Click here to see all of the 2008 Builder's Choice Award winners.

How do you define "good design" at a time when the housing industry is hurting and builders are more focused (and appropriately so) on survival than they are on the ­nuances of, say, proper site orientation, ­massing, and architectural detailing?

That is what is perhaps most astounding about this year's Builder's Choice winners: the climate in which they prevailed—a maelstrom of turbulent market forces conspiring to push design to the back burner. Collectively, these top projects offer proof that design done right becomes a strategic point of leverage, not a frivolous pursuit reserved for boom times.

The serious problems of our time warrant serious reinvention, and this year's winners do not disappoint. Antidotes to rising fuel costs, for example, take on myriad forms: ­infill mixed-use neighborhoods that allow residents to trade their cars for public transit; adaptive reuse of vintage buildings otherwise destined for the landfill; custom homes built with locally available materials, thus reducing the miles needed to transport goods to the jobsite; houses with built-in renewable energy systems; and affordable pocket communities whose proximity to jobs means ­homeowners are not forced to "drive to qualify" to far-flung exurbs that leave their bank accounts exhausted by commuting costs.

That said, the lone residence judges selected as Home of the Year may come as a surprise. It's not small, affordable, green, or urban. But it is a serene and beautiful place that honors its natural surroundings. Beauty is the one necessary ingredient in good ­design—like flour is to bread—that never waivers, regardless of business conditions or world affairs. Even when all else seems to be crumbling, beauty sustains us.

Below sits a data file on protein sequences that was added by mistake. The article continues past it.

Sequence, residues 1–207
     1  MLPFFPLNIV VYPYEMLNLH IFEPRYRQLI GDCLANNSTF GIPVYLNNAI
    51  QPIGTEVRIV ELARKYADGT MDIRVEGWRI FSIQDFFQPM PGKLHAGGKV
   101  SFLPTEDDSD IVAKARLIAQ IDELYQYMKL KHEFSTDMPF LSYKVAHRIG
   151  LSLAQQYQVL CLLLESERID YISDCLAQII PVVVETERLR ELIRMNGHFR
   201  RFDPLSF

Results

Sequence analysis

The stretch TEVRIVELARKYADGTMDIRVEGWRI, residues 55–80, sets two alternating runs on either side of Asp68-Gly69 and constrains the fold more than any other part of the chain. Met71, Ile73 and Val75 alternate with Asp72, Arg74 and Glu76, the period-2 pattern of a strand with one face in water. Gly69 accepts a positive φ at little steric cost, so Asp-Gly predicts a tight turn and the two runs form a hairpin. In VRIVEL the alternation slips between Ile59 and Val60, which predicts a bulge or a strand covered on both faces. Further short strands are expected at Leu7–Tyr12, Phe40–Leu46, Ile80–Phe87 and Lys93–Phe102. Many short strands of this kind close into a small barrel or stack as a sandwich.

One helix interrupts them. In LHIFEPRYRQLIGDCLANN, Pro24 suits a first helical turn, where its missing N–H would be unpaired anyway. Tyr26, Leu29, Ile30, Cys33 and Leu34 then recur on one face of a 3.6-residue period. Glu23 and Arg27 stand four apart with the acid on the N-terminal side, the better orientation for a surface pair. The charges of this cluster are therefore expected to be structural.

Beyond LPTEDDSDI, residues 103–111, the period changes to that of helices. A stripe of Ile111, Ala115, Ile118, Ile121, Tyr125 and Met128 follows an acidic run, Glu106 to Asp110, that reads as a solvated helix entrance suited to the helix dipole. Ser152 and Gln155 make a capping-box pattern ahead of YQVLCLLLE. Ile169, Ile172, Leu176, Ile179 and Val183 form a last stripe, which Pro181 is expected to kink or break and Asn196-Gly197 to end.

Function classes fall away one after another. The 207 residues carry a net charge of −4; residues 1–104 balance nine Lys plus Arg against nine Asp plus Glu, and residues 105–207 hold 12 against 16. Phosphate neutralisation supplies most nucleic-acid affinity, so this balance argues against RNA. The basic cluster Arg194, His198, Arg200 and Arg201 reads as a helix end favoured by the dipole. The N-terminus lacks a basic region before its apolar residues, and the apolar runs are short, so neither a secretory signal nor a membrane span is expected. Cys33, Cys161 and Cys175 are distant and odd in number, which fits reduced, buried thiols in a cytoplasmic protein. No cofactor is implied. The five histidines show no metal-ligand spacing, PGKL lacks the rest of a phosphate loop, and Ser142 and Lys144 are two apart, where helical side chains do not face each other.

South River Residence

2008 Builder's Choice Awards Home of the Year

Inspiration for this riverside retreat began with a dog-eared photo of an old shucker’s shanty—a simple structure typical of the watermen’s homes and boat sheds that populated the Chesapeake, Md., tidewater region in the 19th century. “It’s your basic Monopoly [board game] house with board-and-batten siding and a gabled roof,” says architect Wayne Good. The contemporary residence that now graces this waterfront lot is an ­evolution of that aesthetic.

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Don’t miss BUILDER Online’s exclusive slideshows of additional photos, floor plans, site plans, and section diagrams of the best designed projects of 2008, all available on the Builder's Choice archive page.